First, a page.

Our safari in Kenya was one of our excursions that we had planned and booked before we had even left on our trip. Lynn did a lot of research and finally ended up booking our safari through Africa Safari Classics. Not only was it something that we were really looking forward to, but it also marked the first time on our trip that we had visitors from back home. Lynn’s parents were meeting us in Nairobi and joining us for one of our most exciting adventures on our trip.
During the 7 days of our safari in Kenya we had many early mornings and a lot of driving on rough roads, but through it all we experienced some of the most spectacular sights of nature. Just a few days in and we felt like the number of animals we saw had already well exceeded our expectations for the trip. Everyone except for Lynn that is, who was not surprised that we saw as many animals as we did. Apparently she is more optimistic than the rest of us.
We visited 4 different parks, went on 9 game drives, and saw hundreds of animals on our safari. Most people that go on safari are hoping to see each of the big 5 animals:
Halfway through our 6th day we wondered if we would be able to complete our list of the big 5, but luckily everything came together perfectly and we checked off the final animal on our big 5 list. That afternoon I took one of my favorite photos from the safari, but I’ll get to that later… Let’s start at the beginning of our Kenyan safari adventure!
Kenyan Safari – Day 1
We were picked up pretty early that first morning from our Airbnb apartment in Nairobi that we stayed at for two nights before our safari. Maurice, the owner of Africa Safari Classics, met us at the apartment to see us off and introduce us to our driver for the week, Kasimba.
After the brief introduction, we got the jeep packed up and we were on our way to Samburu National Reserve, the first stop on our safari. We had a long 6.5 hour drive to Samburu, so we kept busy by asking Kasimba questions about everything we saw along the way. We were fascinated by the amount of fruit stands on the side of the road, the donkey carts, and the large number of cattle (cows, goats, sheep) grazing on the side of the road.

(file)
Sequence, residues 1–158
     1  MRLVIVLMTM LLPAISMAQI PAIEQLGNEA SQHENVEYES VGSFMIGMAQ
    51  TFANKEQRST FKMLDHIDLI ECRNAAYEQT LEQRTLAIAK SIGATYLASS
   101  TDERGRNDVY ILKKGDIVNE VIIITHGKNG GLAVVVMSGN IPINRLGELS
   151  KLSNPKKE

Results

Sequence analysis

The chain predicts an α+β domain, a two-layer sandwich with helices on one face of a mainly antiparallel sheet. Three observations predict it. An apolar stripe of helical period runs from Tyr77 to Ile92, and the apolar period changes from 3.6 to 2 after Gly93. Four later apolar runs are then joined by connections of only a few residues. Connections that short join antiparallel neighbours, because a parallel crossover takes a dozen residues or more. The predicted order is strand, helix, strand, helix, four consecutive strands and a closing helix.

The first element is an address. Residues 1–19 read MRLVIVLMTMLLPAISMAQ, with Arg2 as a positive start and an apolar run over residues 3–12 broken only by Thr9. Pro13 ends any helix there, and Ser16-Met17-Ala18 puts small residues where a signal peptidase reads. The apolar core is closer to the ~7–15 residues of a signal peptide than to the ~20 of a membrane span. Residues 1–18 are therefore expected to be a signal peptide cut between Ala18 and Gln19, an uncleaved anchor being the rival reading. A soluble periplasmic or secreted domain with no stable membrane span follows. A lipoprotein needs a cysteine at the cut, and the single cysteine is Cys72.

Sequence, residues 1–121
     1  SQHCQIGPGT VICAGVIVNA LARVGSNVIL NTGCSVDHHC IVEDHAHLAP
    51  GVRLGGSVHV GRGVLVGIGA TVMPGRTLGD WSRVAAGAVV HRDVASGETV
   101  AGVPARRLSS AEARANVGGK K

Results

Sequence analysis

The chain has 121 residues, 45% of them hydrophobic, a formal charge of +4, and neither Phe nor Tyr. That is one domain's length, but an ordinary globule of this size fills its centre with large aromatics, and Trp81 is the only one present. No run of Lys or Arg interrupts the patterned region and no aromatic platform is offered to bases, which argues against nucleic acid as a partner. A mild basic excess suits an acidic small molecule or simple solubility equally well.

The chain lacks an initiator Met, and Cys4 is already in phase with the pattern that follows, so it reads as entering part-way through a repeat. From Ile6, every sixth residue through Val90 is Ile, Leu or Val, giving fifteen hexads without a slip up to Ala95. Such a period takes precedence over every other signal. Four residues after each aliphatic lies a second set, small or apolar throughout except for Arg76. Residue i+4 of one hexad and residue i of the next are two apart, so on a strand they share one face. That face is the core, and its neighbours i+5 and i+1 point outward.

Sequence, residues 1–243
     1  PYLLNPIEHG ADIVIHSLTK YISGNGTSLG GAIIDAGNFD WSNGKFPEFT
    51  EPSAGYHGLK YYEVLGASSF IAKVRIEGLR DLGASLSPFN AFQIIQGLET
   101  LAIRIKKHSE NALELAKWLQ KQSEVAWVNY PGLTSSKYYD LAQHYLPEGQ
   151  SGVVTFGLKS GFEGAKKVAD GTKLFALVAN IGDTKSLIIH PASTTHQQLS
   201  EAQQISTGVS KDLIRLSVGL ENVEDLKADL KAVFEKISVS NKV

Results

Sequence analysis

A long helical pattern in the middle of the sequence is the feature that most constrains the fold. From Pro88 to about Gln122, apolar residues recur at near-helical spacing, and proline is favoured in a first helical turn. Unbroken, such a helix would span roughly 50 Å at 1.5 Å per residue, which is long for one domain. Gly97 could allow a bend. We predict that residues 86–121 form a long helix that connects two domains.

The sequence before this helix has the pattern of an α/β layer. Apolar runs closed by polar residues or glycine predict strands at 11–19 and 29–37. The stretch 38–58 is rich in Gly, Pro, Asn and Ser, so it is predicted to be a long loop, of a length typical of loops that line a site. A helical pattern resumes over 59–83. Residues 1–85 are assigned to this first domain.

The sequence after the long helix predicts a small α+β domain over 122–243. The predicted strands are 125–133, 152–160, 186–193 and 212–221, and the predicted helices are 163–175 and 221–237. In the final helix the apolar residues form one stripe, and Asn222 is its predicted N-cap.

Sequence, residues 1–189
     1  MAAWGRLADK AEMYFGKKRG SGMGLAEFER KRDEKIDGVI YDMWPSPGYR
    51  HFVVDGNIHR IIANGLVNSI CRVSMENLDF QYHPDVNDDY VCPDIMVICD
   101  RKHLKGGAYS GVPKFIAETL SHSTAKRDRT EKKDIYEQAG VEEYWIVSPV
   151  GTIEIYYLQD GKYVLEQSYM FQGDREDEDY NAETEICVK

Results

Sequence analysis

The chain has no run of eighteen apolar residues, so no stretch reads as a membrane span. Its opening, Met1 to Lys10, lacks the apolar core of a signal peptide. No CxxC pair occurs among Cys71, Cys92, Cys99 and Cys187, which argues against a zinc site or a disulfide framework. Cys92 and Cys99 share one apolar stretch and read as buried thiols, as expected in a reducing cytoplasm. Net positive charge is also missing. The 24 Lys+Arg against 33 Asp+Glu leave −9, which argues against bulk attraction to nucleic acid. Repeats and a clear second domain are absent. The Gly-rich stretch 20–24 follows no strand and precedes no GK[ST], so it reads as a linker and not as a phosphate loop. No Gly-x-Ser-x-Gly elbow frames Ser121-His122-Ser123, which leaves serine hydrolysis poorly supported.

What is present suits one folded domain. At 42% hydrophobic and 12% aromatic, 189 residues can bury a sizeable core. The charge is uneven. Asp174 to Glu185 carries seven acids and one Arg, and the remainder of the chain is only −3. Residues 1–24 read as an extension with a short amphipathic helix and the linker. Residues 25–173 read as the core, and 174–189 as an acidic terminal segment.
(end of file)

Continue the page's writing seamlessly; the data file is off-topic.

Along the way we made a couple rest stops, one of them being at the equator. Lynn and I like to think we’re old pros when it comes to facts about the equator, so we had Lynn’s parents try out a few things that we had learned at the equator in Ecuador. There was also a local guy there that showed us how the water drained at the equator, for which we thanked him and gave a small tip.
In the afternoon we finally arrived at Samburu National Reserve and headed to our accommodations, Elephant Bedroom Camp, where we would be staying the next 2 nights. We arrived around 2pm, which gave us enough time to check out our tents, eat lunch, and relax a little before our first game drive at 4pm.
Samburu Afternoon Game Drive Highlights
We were tired from a long drive to Samburu, but still excited for our first game drive of the safari. We started out at 4pm and within 5 minutes we were up close and personal with our first animal sighting. A small family of elephants were eating and walking along the off-road trail we were driving on. I didn’t know how close we would get to the animals on safari, but this first encounter answered my question. As we tried to stay out of their way, they didn’t seem to care and walked right along side the jeep.
Just a few minutes later we saw our first couple giraffes. There are three different types of giraffes that can be seen in Kenya, and you can tell them apart by the shape and size of their spots. The giraffes we saw in Samburu were the reticulated giraffes. We snapped a bunch of pictures of them walking around and eating leaves from the trees. We also noticed the small red-billed oxpeckers that have a symbiotic relationship with the giraffes. These small birds help the giraffes by eating ticks off of them.